In Barcelona today, BBVA’s Executive Director José Manuel González-Páramo reflected on the factors that have influenced the current context of low, and even negative interest rates in developed economies. BBVA’s Executive Director shared his vision of what has led to this environment, the impact it is having on the markets and above all, where we are headed. In his opinion, low interest rates will remain for an extended period of time.
González-Páramo participated in the 25th anniversary of Inverco Catalunya where President Carlos Tusquets gave the opening speech. In his presentation titled, “Low interest rates: Where we are coming from, the impact and where we are going” BBVA’s Executive Director underscored that debate is currently focusing on estimating the amount of time low interest rates will remain, what will be the new equilibrium and what policies and strategies are appropriate for a change in trend.
What factors have caused the current interest rates?
BBVA’s Executive Director explained the factors that have led interest rates in developed economies to be at “historically low levels”. In his opinion, this situation is due to structural aspects like low productivity, a slowdown in the labor force and inequality, as well as cyclical factors related to the 2008 crisis.
In this regard, González-Páramo indicated that the reference rates have fallen 85% over the past 20 years in Europe and the U.S. In recent decades, he explained, different forces have put downward pressure on real rates. On the one hand, the credit supply has expanded, largely due to central banks’ monetary policy. The ECB’s balance growing by 150% since 2008 is an indicator of this. On the other hand, contraction of the demand for credit (investment) from falling productivity has declined dramatically in developed countries.
The reference rates have fallen 85% over the past 20 years in Europe and the U.S.
González-Páramo participated in the 25th anniversary of Inverco Catalunya where President Carlos Tusquets.
The impact on the market
José Manuel González-Páramo indicated that low rates in developed economies are having a significant impact on the banking system and stock markets.
The low interest rate environment has come at a time when European banks’ profitability is starting to recover after the financial crisis, but remains well below pre-crisis levels. In this regard, BBVA’s Executive Director recalled that banks are facing five major challenges - the recession, profitability, regulation, reputation and the digital revolution - and interest rates have played a key role in financial institutions’ falling profitability.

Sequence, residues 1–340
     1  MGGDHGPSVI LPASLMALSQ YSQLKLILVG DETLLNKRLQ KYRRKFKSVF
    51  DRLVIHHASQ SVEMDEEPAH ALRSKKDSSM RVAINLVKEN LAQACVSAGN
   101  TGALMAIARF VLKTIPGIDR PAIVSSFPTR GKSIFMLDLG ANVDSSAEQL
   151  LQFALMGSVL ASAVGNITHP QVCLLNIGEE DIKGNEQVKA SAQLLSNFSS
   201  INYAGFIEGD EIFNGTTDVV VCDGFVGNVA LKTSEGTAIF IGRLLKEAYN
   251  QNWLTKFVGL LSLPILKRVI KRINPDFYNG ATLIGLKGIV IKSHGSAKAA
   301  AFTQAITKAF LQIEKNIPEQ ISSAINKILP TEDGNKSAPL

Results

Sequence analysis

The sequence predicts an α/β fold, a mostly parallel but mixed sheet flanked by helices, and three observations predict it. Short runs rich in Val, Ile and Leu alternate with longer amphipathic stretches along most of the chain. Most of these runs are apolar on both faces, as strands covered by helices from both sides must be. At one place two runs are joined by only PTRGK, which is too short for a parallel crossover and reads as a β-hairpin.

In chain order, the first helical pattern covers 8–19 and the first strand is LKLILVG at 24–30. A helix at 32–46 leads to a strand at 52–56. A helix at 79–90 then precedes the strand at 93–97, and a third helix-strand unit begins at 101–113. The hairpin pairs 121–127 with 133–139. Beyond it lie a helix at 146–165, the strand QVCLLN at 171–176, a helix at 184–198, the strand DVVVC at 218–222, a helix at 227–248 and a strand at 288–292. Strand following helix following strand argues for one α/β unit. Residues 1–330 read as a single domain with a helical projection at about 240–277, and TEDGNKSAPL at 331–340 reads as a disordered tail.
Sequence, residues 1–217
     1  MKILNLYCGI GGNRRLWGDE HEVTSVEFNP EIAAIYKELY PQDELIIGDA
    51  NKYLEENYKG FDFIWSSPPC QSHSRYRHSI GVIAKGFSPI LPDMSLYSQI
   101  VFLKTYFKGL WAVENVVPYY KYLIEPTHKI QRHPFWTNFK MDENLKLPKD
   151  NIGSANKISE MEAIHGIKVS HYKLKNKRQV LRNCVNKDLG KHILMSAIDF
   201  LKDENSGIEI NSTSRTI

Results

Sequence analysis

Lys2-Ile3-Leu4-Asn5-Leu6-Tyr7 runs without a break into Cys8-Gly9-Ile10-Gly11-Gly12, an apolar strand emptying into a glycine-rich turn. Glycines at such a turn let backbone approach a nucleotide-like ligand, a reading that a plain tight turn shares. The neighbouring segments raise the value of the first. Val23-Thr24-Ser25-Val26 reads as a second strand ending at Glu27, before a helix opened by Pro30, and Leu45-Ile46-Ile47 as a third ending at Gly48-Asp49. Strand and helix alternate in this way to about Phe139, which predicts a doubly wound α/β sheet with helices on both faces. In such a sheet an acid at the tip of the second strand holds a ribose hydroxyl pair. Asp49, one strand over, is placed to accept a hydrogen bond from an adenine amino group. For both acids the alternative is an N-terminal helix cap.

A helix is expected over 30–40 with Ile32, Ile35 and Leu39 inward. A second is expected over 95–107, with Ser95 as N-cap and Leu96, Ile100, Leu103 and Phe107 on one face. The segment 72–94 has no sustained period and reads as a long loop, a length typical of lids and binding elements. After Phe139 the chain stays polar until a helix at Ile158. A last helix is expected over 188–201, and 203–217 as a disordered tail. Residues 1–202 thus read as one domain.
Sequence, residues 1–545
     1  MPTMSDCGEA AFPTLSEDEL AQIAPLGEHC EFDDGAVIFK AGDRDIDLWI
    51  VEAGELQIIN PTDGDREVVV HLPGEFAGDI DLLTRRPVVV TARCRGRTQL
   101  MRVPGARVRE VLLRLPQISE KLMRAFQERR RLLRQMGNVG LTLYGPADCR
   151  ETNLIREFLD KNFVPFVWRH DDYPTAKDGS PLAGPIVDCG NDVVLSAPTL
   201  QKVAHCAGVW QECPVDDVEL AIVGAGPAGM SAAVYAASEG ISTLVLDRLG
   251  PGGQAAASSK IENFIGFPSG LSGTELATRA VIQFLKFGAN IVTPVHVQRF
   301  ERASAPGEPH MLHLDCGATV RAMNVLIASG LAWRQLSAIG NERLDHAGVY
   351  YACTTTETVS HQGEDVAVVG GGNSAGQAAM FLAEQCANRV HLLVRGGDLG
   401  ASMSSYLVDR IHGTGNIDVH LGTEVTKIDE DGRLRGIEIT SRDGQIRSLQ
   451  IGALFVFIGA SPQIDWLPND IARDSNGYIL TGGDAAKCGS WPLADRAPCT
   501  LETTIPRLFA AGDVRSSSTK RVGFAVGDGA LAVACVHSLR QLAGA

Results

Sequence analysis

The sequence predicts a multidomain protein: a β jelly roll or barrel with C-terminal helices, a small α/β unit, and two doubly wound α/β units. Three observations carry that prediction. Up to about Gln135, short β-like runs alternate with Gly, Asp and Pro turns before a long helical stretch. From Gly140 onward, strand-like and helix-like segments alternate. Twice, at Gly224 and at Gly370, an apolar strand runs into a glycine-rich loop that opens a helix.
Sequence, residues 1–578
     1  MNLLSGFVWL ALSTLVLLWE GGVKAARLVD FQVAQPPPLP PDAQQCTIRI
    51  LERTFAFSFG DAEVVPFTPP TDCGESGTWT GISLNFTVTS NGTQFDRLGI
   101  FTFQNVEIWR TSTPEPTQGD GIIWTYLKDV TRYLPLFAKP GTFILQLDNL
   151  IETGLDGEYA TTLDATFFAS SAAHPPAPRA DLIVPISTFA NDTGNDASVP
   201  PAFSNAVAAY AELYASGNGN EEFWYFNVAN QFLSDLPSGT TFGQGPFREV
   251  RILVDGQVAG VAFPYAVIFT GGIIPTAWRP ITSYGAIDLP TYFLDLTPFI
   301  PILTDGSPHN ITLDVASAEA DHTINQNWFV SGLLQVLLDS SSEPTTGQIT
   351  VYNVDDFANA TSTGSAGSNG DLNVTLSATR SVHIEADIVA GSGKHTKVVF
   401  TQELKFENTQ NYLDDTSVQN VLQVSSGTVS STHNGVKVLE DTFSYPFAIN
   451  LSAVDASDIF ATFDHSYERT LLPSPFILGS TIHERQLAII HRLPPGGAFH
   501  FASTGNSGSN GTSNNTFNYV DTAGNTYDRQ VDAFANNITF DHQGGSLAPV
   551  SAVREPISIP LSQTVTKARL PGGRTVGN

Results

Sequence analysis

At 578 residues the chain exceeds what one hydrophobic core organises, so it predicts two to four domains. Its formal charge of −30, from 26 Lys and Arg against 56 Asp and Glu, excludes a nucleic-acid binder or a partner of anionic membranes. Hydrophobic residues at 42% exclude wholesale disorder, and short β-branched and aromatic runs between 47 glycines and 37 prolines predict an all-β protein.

Banks are facing five major challenges: the recession, profitability, regulation, reputation and the digital revolution
In González-Páramo’s view, the solution involves banks adapting to this low interest rate environment by “taking advantage of the opportunities that the digital revolution provides”. Banks who do will have a relevant role in the new financial ecosystem. In order to do so, they should adopt agile technological architecture to enhance customer relations; generate profitable and sustainable value propositions based on the massive and intelligent use of data; and grow in different geographic locations, competing with fintech actors and technology companies.
Where we are headed
The key question is how long the low interest rate environment can last. BBVA’s Executive Director recalled Mario Draghi’s words on January 19th: “We continue to expect them to remain at present or lower levels for an extended period of time,” said the President of the European Central Bank (ECB).
José Manuel González-Páramo feels that although there is significant debate surrounding interest rates “at least in the eurozone, all signs seem to indicate that the low interest rate environment will be maintained in the medium term”. Given this prolonged scenario of low interest rates, BBVA’s Executive Director feels that it is fundamental to continue developing an appropriate macro-prudential policy. Furthermore, in his opinion, there is additional margin for other types of policies that should be exploited, especially in terms of structural reforms and fiscal issues.